He's not just the guy that pulls pranks on the Oilers roster during road games or team-building exercises (although he's known for it). He's a guy that has plenty of friends on the Oilers squad and is currently the Oilers best player. Penner along side close teammates and friends will be gunning to show everyone, he's not just a throw-in and that Heatley can stay in San Jose than come to a team he didn't want to play for.

Ladislav Smid is quickly becoming one of Edmonton's better shut-down defencemen. If there was ever a time to have a good game, sticking it in the face of a player you were going to be traded for, this is it.

Dany Heatley coming to Rexall and Edmonton means a lot for the Oilers, or at least it better. If it doesn't, one has to wonder what could possibly pump this team up. They're struggling and they need an excuse to win when they shouldn't. This is that game. It's the tide-turner of the season.

Fans will make noise against the player that treated the city like garbage. My hope, is that fans make more noise for the players that are still here. That they use their energy to root on the three players who are actually a part of this team, and players who will care about the reaction of the fans far more than Dany Heatley does.


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Are the Oilers and Blackhawks Talking?

Despite the fact that there were some 14 games in the NHL, only a couple relevant things happened on Wednesday night if your an Oilers fan.

First, is that the Oilers lost a stinker 3-1 vs the L.A. Kings. We knew they'd need to be stronger than they were against Phoenix. They weren't, so they lost.

The other possibly relevant news if you're an Oiler fan is that Marian Hossa returned to the Blackhawks and made a splash.

You may be asking why that might be relevant. If so, here's my theory.

Rumors are all over the place that Chicago is poised to make a move or two to clear cap space to get Kane, Toews and Keith all signed to the long-term contracts coming their way. To do so, Brent Sopel and Patrick Sharp have been brought up as possibles on the way out.

Marian Hossa coming back and playing well gives the Blackhawks a green light to make a move.

Brent Sopel would be Chicago's obvious first choice, but that all depends on possible takers. When it comes to Patrick Sharp, there are plenty of NHL teams that would jump on that train. I would include Edmonton in that list.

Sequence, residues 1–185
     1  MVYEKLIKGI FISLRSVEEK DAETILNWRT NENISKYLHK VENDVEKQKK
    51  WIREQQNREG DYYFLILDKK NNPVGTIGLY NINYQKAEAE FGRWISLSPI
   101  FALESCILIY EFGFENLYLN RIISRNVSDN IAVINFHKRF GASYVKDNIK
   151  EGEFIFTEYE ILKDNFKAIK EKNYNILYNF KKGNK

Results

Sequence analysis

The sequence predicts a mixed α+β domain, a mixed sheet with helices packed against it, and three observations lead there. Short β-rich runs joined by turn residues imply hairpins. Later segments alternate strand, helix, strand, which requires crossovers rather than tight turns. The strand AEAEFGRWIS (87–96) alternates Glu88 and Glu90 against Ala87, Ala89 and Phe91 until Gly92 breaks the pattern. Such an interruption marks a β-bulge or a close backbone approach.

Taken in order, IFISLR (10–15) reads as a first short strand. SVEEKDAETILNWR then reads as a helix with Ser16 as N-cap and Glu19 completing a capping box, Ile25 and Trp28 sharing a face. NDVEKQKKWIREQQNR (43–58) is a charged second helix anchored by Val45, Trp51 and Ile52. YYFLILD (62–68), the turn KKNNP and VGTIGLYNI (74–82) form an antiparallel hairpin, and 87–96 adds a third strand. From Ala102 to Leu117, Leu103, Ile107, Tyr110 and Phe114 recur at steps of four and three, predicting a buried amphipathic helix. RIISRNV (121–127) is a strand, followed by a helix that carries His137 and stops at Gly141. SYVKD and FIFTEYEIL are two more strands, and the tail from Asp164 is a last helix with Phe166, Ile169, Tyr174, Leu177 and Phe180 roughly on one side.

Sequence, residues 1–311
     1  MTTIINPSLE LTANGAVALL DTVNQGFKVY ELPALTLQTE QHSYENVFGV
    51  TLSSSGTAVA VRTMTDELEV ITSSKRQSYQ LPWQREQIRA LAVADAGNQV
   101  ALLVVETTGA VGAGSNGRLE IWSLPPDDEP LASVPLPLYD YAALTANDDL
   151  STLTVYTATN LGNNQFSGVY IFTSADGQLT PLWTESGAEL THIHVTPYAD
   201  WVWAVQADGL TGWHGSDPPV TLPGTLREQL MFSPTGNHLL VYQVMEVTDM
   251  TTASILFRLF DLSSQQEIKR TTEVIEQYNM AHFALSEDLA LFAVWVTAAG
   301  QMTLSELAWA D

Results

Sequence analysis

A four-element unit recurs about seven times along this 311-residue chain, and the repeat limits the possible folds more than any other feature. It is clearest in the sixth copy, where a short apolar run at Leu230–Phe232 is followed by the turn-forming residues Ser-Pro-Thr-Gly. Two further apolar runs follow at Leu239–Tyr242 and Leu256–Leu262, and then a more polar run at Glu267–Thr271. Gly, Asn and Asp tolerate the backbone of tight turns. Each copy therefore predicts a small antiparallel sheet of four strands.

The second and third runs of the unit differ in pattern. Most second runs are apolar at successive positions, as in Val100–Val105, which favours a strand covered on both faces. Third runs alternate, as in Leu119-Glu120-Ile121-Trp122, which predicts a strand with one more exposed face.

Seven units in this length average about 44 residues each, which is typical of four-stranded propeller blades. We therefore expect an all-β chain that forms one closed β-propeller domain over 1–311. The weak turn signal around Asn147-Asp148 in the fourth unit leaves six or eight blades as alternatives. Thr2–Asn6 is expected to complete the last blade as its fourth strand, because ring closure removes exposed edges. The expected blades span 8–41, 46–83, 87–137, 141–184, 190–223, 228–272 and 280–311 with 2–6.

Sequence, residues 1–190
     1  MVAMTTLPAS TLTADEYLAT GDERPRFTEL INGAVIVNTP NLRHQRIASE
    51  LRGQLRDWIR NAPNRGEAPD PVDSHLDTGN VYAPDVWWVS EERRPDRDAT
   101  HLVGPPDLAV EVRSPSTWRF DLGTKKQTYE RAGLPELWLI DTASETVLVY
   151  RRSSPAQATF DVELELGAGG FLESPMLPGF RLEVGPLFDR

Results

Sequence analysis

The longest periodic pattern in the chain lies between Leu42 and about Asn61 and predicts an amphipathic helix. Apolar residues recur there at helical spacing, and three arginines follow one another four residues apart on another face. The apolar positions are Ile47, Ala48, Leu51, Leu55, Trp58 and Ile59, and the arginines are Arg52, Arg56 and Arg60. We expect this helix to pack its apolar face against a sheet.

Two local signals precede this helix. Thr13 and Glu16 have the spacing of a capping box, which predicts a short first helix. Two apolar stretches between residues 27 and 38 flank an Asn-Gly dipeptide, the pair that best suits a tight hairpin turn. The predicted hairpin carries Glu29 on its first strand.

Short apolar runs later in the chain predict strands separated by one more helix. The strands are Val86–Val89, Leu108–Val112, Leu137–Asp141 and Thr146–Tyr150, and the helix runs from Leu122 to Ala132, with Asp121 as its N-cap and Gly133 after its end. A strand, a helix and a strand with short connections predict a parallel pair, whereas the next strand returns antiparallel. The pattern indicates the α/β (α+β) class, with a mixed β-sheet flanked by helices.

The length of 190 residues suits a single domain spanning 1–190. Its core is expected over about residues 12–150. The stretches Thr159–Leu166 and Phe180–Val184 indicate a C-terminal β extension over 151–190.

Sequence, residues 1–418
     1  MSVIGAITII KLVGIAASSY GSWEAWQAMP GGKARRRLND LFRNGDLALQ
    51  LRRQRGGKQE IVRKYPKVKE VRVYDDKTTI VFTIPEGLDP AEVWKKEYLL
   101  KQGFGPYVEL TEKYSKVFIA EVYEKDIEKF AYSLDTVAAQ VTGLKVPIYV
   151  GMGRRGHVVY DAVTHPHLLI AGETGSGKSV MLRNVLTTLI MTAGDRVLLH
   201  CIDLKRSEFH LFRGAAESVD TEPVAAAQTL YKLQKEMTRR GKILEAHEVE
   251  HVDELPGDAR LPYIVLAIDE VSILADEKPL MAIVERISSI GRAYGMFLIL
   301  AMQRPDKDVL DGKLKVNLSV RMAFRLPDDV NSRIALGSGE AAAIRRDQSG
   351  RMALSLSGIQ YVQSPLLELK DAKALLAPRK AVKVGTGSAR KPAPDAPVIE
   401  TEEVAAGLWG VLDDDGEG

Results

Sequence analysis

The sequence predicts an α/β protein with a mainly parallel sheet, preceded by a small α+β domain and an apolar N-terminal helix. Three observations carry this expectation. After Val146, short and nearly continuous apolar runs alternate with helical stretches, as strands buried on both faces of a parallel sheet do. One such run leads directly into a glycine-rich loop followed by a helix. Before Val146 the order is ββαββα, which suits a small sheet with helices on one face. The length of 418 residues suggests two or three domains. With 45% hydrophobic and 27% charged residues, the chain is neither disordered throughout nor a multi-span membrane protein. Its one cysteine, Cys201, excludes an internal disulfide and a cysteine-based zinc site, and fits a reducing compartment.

One such other team has been rumored to be the Toronto Maple Leafs. It is being reported that while other teams would have interest in Sharp (including Edmonton), Burke would make a strong push in an attempt to land a first line one-two punch with Phil Kessel. Burke would be right in assuming that Sharp and Kessel together would immediately bolster the Maple Leafs first line.

In return, Burke might be willing to part with Alexei Ponikarovsky. For all intensive purposes, Ponikarovsky could be gone from Toronto next season as a pending UFA. So, while Burke will undoubtedly attempt to land a bigger fish if he's unsuccessful in his bid to get Patrick Sharp, he might as well move Ponikarovsky now if he intends not to keep him.

Ponikarovsky, would solve the cap issues for Chicago as it allows the Blackhawks to shed enough salary to sign all three big name players. What it doesn't do, is leave room to re-sign Ponikarovsky long-term, which means he could be flipped for younger contract expiring talent, prospects or picks. Edmonton has those to give.

One rumor has Edmonton willing to part with Cogliano and a pick for the big goal scoring left winger.

While I'd do so for Patrick Sharp in a heartbeat, Ponikarovsky begs to ask a few more questions and might not be a move I'd jump into quickly if I'm Tambellini.

The positives are that Ponikarovsky is a big left winger. At 6 ft and 220 lbs, he offers goal scoring that Edmonton lacks outside of Dustin Penner who has size. In 22 games so far this season, Ponikarovsky has 8 goals and 3 assists for 11 points. Not great when you consider his total point production, but pretty good for goals as he's on pace to hit 30 markers this year.

Add to that, is that Ponikarovsky leads Toronto in hits with 45. That would put him second behind only JF Jacques on the Oilers.

He's also second in Toronto with time on ice on the powerplay. It's no secret the Oilers could use some assistance in that area. Relying on Dustin Penner every night to be that presence in the goal crease can be taxing.

The most obvious plus, is that Ponikarovsky is a career 20 goal scorer. He's reliable in that area and the Oilers need reliable goal scorers.

The downside, is that Ponikarovsky doesn't address the Oilers faceoff needs. The thing is, I'm not convinced the Oilers care.

All signs leads to the Oilers seeing that with 3 or 4 players right near the 50 percent rate in the dot, Edmonton centers on this team (including Penner whose been undeniably strong for a winger in faceoffs) are capable of handling the load.